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Evolutionary and computational biology. Science and society, creationism, science in the news.
Chlorella vulgaris is an asexual, unicellular green alga. It has been observed in the laboratory to maintain unicellularity for thousands of generations. Boraas and his collaborators (1998) kept Chlorella for two decades in this way. Then they decided to add a predator, Ochromonas vallescia, also a unicellular organism. It has a flagellum (a tail with which it can swim about), and it eats Chlorella. This is bad news for the Chlorella population, which thus experiences a shift in selective pressu........ Read more »
MARTIN E. BORAAS, DIANNE B. SEALE, & JOSEPH E. BOXHORN. (1998) Phagotrophy by a flagellate selects for colonial prey: A possible origin of multicellularity. Evolutionary Ecology, 12(2), 153-164. DOI: 10.1023/A:1006527528063
Z. D. Blount, C. Z. Borland, & R. E. Lenski. (2008) Historical contingency and the evolution of a key innovation in an experimental population of Escherichia coli. Proceedings of the National Academy of Sciences, 105(23), 7899-7906. DOI: 10.1073/pnas.0803151105
Head injury is not a causative factor of ADHD, but it may be a marker for subsequent diagnosis of ADHD.... Read more »
H. T Keenan, G. C Hall, & S. W Marshall. (2008) Early head injury and attention deficit hyperactivity disorder: retrospective cohort study. BMJ, 337(nov06 2). DOI: 10.1136/bmj.a1984
Beetles, bisons, black swans, bonobos, dolphins, elephants, flamingos, fruit bats, fruit flies, giraffes, lions, lizards, macaques, orangutans, ostriches, penguins, sheep. What do these animals have in common?They are all homosexual. In fact, the list is much, much longer. Here is what Petter Bøckman has to say about it:No species has been found in which homosexual behaviour has not been shown to exist, with the exception of species that never have sex at allWe can thus safely conclude that the........ Read more »
K. E. LEVAN, T. Y. FEDINA, & S. M. LEWIS. (2008) Testing multiple hypotheses for the maintenance of male homosexual copulatory behaviour in flour beetles. Journal of Evolutionary Biology. DOI: 10.1111/j.1420-9101.2008.01616.x
Why are there so few extant phyla or basic body-plans? There are only about 35 phyla, and nine of them include 96% of all living species. There used to be many more, back in the early days of the cambrian explosion, so one has to wonder why so many phyla were singled out for extinction, and just a few have gone on to do very well.The usual way to learn about our evolutionary history is to look at fossils. Unfortunately, fossils don't tell us very much about how the organisms developed, and this ........ Read more »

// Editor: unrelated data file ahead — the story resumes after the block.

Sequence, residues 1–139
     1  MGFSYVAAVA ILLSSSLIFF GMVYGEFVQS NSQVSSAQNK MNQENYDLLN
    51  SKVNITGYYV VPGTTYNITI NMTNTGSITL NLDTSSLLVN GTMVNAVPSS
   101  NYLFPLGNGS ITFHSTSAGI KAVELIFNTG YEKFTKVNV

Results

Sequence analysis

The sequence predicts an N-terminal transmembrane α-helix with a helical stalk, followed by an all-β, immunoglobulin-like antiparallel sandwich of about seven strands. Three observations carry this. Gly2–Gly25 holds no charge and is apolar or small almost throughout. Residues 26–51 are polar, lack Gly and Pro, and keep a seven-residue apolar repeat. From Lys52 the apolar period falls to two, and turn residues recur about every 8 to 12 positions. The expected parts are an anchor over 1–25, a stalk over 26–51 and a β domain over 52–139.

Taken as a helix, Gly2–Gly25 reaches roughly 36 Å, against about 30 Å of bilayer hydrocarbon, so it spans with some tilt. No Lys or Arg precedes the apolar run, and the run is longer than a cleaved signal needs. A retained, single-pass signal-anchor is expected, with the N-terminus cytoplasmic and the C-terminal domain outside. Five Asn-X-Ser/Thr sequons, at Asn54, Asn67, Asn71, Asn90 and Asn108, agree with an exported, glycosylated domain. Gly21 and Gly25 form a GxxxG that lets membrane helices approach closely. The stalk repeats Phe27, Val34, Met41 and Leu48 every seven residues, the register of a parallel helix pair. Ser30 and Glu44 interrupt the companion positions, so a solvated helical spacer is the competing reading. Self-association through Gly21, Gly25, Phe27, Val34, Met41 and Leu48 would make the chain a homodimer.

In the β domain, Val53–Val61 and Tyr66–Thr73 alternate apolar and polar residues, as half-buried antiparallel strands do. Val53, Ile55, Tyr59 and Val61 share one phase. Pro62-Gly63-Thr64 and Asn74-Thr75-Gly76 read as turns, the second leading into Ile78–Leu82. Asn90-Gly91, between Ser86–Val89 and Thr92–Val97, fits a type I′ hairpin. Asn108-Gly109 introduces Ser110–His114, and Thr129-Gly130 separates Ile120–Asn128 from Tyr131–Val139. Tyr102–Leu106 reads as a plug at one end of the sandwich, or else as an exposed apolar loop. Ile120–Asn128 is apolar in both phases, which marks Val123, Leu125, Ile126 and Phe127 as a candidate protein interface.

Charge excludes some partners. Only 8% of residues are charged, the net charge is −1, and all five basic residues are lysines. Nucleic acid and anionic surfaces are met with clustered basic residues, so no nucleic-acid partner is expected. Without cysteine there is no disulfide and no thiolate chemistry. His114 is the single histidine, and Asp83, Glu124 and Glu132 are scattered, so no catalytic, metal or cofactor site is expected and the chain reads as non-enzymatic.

Elhanan Borenstein, David C. Krakauer, & Carl T. Bergstrom. (2008) An End to Endless Forms: Epistasis, Phenotype Distribution Bias, and Nonuniform Evolution. PLoS Computational Biology, 4(10). DOI: 10.1371/journal.pcbi.1000202
When a stretch of DNA is really important for an organism, natural selection will make sure that it is not changed much from generation to generation. This is termed purifying selection, and whenever it is observed, the conserved DNA is responsible for some function that the organism can't do without.Conversely, when a stretch of DNA is observed to code for an important function in the organism, it is a pretty solid guess that it is highly conserved by purifying selection. Survival and/or reprod........ Read more »
McLean, Bejerano. (2008) Dispensability of mammalian DNA. Genome Research.
Pleiotropy is the effect of one gene affecting multiple traits, as when Drosophila genes are expressed in more than one place during embryogenesis. For a bunch of examples of that, seeRepression and loss of gene expression outpaces activation and gain in recently duplicated fly genes, Oakley, Østman, and Wilson, 2006, PNAS, 103, 11637.In my own work on computer simulations of epistatic interactions, it is clear that pleiotropy has the effect of changing the phenotype more per mutation than with........ Read more »
Herrel, Huyghe, Vanhooydonck, Backeljau, Breugelmans, Grbac, Van Damme, and Irschick. (2008) Rapid large-scale evolutionary divergence in morphology and performance associated with exploitation of a different dietary resource. PNAS, 105(12). DOI: http://www.pnas.org/content/105/12/4792.abstract?sid
Rich Lenski's group published this paper in PLoS Computational Biology less than two weeks ago:Clune J, Misevic D, Ofria C, Lenski RE, Elena SF, Sanjuán, R. (2008). Natural Selection Fails to Optimize Mutation Rates for Long-Term Adaptation on Rugged Fitness Landscapes. PLoS Comput Biol 4(9). PLoS Computational Biology, 4 (9).In the Ph.D. program I'm in we are required to give a journal club talk once per semester (the result of which is that that's exactly how many we give), and I chose to do ........ Read more »
Clune J, Misevic D, Ofria C, Lenski RE, Elena SF, Sanjuán, R. (2008) Natural Selection Fails to Optimize Mutation Rates for Long-Term Adaptation on Rugged Fitness Landscapes. PLoS Comput Biol 4(9). PLoS Computational Biology, 4(9). DOI: http://www.ploscompbiol.org/article/info:doi/10.1371/journal.pcbi.1000187
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